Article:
Spokane Journal of Business

Gonzaga program works to equip future business managers

Gonzaga puts on leadership course for tomorrow's executives

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-—Staff photo by Jessica Valencia
Tim Graybeal, senior associate at Integrus Architecture PS, says the Gonzaga leadership program has a personalized approach and a helpful mentorship element.

A Gonzaga University professional development program is aiming to help future Inland Northwest leaders through its nine-month intensive course in leadership that the school says has continued to be tapped by Inland Northwest businesses since it started.

Program coordinator Rachelle Strawther says 41 people have gone through the program since the first pilot class in 2007. Strawther says staff is gearing up for its seventh class scheduled to begin this fall. The deadline for nominations for the upcoming year is Sept. 15.

Since its inception, the program has been used by a number of community leaders, including Amy Knapton, executive director of the Vanessa Behan Crisis Nursery, and Teresa Eckard, director of planning and engineering at Spokane International Airport. Some of the other businesses that have used the program include Jubilant HollisterStier, Rosauers Supermarkets Inc., and Coffman Engineers Inc.

"One indication of a company's commitment to corporate citizenship is their willingness to help employees grow professionally and personally," Strawther says.

To be admitted to the Emerging Leaders Program, attendees need to be nominated by their employers, Strawther says. Each class consists of up to 12 professionals that mostly are entering a leadership position with a company, or being eyed for a leadership position, she says.

"Some people think leadership is about being charismatic and having an outgoing personality," Strawther says. "That's not true; it's a myth."

Both introverts and extroverts land in leadership positions, she says, adding, "You always think 'Are you an Obama leader? Are you going to be a person that gets up and stands in front of a mic?' and that's not everyone."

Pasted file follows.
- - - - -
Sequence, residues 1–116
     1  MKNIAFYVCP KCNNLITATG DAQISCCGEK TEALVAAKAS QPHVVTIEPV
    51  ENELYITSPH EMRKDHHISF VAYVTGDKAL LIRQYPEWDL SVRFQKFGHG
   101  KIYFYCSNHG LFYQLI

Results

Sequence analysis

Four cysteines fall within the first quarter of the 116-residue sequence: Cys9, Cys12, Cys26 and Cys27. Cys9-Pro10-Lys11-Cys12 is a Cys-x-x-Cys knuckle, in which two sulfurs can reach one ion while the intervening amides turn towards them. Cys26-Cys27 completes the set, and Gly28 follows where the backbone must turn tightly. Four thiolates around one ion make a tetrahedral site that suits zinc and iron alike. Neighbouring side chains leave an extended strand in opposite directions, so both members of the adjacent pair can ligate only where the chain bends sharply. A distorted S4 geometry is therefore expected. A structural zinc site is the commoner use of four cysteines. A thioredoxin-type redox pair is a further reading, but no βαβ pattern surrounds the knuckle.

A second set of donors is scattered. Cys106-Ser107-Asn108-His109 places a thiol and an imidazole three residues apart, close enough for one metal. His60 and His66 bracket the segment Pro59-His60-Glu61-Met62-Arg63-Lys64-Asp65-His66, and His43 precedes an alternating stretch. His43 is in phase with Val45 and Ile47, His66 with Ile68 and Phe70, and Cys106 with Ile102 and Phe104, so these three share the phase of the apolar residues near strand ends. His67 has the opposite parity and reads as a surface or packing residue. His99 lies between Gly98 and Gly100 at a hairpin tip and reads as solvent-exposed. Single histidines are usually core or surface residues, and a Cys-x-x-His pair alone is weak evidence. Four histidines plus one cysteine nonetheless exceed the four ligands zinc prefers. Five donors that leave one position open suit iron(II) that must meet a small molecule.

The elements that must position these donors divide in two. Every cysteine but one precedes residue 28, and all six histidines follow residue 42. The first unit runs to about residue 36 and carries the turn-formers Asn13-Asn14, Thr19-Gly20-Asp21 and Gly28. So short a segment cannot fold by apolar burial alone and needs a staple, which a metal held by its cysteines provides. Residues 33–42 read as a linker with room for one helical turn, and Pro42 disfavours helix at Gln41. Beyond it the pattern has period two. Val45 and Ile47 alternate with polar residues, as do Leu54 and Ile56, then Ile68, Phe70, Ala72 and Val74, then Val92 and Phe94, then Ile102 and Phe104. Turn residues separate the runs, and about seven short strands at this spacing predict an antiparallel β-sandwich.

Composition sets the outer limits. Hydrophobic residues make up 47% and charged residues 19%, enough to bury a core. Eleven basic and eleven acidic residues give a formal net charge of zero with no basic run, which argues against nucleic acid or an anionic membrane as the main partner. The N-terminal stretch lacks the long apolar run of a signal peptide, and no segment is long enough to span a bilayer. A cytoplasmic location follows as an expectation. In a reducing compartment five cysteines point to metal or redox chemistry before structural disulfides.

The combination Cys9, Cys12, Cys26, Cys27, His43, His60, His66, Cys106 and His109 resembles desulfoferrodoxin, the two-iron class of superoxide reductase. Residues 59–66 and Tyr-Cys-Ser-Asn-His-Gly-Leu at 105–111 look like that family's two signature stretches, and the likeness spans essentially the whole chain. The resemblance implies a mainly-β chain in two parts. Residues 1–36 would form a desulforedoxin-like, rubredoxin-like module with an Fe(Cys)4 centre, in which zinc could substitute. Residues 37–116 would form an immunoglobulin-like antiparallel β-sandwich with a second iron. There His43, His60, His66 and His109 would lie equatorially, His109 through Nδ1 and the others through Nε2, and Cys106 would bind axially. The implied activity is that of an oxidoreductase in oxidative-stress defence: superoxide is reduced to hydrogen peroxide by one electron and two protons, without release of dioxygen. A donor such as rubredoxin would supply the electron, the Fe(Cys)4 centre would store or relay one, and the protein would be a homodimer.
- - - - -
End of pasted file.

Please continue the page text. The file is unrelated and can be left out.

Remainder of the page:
The program focuses on leadership topics, including conflict resolution, strategic planning, and organizational changes. It also covers self-leadership, which can best be described as self-awareness and self-management skills.

The leadership program, which costs $5,900 per attendee, includes monthly full-day leadership classes, an overnight retreat in late October, and each participant is connected with a mentor from an Inland Northwest business or organization. Some companies send employees to speak and instruct, and also send some as program attendees.

"It's not unusual to spend a couple thousand dollars to go to a three-day conference," says Tim Graybeal, senior associate with Spokane-based Integrus Architecture PS, who attended the program this past year. "This is a very personalized approach."

All participants also complete what's known as a 360 assessment, a comprehensive leadership assessment survey completed in the fall by a third party consultant, she says. Steve Pennak, consultant and founder of Business Insight Technologies, of Puyallup, Wash., conducts interviews with subordinates, peers, bosses, and clients of each participant, Strawther says. The process, which takes about three weeks to complete for each class, is finished off by a meeting with each participant to go over the results of the assessment, she says.